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Get in the Game In the $18 billion video game industry, independent developers are teaming up with the big boys.

By Nichole L. Torres

Opinions expressed by Entrepreneur contributors are their own.

Whether it's deftly targeting an opponent in combat or solving a difficult puzzle, video gamers are always looking to overcome the next challenge. In fact, total video game industry sales hit almost $18 billion in 2007, up from $12.5 billion in 2006. And software sales alone grew by 18 percent, according to the NPD Group.

To meet the explosive demand, game console manufacturers like Microsoft are contracting with independent game developers to create brilliant games. "More than 25 independent studios are the creative fuel behind the original games that represent more than a quarter of our Xbox 360 Live Arcade library today," says Jeremy Wacksman, global marketing manager of Xbox Live.

Game industry veteran Steve Taylor, 38, started Wahoo Studios Inc. in 2001, developing games under the NinjaBee brand. He eventually hooked up with Xbox Live through a combination of luck and persistence. "It's about talking to the right people," says Taylor, who co-owns the Orem, Utah-based company with Brent Fox, 37, and Lane Kiriyama, 52. "We keep trying and trying. After about 15 conversations, something works out." NinjaBee projects sales of nearly $3 million this year, due in part to popular games like Cloning Clyde.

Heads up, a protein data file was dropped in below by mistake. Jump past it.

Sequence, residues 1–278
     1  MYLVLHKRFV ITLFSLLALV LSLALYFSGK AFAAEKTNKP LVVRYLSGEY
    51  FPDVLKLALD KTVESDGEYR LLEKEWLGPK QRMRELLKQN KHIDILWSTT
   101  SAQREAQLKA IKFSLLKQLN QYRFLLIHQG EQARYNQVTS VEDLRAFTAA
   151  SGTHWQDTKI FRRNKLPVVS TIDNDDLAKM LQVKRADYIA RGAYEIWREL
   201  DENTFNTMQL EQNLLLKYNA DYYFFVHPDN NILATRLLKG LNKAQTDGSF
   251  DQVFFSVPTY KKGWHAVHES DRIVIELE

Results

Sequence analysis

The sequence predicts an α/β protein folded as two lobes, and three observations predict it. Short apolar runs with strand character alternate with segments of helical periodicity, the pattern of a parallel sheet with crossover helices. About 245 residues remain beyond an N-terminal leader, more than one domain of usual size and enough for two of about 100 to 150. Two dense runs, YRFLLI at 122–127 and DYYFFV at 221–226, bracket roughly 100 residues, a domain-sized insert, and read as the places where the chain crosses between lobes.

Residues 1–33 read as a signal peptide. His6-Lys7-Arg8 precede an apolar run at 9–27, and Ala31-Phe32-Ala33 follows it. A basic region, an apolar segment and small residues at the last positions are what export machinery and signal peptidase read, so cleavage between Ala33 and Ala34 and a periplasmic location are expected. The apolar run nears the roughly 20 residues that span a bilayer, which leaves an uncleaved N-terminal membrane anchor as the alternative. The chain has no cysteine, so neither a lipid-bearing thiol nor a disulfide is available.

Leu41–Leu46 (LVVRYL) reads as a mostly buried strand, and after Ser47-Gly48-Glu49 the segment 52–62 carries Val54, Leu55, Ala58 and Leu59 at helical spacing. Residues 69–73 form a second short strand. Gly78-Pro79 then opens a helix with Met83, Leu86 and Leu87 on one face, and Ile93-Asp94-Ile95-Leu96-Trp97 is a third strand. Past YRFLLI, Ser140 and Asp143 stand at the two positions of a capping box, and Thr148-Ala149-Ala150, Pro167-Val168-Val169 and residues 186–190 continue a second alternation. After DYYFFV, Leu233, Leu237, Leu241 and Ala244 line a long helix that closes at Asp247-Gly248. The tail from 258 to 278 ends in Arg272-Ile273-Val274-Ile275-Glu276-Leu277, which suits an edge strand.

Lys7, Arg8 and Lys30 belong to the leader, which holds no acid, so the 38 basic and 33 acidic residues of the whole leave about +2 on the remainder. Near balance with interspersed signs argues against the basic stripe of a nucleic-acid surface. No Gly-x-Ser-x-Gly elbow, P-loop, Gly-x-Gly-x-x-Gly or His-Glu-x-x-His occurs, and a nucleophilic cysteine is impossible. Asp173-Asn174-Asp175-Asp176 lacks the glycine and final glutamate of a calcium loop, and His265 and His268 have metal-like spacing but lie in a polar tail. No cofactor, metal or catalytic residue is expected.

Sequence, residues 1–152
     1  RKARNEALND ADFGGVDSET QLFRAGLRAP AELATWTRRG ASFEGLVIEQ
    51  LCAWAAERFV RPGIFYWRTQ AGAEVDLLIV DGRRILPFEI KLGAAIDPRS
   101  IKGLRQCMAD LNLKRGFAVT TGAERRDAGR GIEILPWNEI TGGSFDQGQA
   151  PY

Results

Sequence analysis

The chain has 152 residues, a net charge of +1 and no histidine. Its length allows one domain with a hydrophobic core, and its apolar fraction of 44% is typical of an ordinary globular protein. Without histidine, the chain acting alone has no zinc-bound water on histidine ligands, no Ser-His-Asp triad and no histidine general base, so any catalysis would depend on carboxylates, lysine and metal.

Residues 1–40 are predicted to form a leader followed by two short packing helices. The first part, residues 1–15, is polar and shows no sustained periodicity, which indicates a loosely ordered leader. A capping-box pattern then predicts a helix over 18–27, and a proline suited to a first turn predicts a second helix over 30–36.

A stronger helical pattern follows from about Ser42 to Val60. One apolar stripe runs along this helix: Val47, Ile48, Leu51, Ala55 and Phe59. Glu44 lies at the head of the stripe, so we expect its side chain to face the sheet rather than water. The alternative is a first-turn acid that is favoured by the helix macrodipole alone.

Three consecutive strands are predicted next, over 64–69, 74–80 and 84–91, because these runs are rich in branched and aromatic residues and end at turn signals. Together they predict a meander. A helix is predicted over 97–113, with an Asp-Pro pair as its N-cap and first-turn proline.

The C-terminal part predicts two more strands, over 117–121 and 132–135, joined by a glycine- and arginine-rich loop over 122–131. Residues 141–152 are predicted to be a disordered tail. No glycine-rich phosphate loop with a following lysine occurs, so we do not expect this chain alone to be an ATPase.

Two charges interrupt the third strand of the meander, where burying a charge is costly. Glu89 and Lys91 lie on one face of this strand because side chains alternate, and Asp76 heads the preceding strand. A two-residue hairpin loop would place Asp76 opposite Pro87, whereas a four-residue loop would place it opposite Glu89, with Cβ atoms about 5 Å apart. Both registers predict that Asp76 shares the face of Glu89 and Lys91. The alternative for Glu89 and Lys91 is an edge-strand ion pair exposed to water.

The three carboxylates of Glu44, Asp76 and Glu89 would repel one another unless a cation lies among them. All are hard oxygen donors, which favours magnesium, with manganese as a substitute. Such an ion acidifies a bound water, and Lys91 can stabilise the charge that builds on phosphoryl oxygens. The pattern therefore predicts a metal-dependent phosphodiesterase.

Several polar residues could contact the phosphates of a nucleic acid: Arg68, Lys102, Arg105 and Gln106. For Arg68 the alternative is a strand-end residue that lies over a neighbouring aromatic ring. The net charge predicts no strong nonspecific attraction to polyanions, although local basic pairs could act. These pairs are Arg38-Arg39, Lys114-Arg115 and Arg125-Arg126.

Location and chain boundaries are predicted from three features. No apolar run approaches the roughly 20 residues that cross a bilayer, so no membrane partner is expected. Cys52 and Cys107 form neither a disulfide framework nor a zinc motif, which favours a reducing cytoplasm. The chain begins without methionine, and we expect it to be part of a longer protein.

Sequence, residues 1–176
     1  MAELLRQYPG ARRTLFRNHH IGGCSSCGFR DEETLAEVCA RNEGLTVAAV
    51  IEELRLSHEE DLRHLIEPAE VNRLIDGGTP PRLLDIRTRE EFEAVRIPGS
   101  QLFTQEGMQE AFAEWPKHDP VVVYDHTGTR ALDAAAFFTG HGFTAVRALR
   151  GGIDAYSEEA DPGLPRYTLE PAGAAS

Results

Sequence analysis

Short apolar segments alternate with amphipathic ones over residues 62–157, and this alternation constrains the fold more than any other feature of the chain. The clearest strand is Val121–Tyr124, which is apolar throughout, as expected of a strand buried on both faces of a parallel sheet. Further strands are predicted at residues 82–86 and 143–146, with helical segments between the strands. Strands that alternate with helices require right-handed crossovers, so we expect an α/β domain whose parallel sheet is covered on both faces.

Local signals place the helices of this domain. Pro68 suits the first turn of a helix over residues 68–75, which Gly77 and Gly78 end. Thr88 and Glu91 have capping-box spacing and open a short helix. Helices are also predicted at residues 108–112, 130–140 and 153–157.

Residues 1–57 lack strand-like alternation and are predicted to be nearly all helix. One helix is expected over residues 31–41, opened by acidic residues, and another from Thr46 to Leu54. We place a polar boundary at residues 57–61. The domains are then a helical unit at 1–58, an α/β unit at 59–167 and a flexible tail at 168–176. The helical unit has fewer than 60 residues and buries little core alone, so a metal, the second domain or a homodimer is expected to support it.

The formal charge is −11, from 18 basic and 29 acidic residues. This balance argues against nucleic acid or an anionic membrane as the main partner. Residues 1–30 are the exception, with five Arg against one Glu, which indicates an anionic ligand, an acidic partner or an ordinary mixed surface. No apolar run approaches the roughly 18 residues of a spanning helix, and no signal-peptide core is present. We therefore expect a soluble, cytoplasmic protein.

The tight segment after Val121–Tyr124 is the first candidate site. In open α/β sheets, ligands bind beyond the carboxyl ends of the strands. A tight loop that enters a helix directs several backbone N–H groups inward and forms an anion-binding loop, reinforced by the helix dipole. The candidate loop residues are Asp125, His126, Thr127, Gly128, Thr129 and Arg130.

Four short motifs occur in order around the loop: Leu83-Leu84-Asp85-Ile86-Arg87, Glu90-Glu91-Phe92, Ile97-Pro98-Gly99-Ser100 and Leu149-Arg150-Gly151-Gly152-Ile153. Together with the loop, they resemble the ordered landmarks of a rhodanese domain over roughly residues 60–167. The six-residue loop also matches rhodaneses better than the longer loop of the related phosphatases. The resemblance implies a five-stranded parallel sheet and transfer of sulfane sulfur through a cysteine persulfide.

The founders of The Behemoth in San Diego also found success working with XBLA, selling games like Alien Hominid. When they started their company in 2003, John Baez, 43, Tom Fulp, 30, and Dan Paladin, 28, would cold-call companies to try to get their games published. They showed off their games at the 2005 Independent Game Festival and won three major awards, which got their games noticed by the industry at large. Baez advises getting "as much experience as you can in the industry before starting your company." And Paladin stresses taking risks. Following their instincts has helped push company sales into the six figures.

Creativity is needed, and the market is ripe for small independent companies. "Massive consolidation within the mainstream game industry has ratcheted up the barrier to entry, yet small, nimble companies are doing better every day by exploring new audiences and channels of distribution," says Jason Della Rocca, executive director of the International Game Developers Association.

Got a great game idea for Xbox Live Arcade? Independents can work with a game publisher who will connect with XBLA decision-makers. Developers interested in creating a game for Xbox Live Arcade can send background information about their company or experience to E-mails should include a detailed description of the game, screen mock-ups and preferably a gameplay video or playable prototype.

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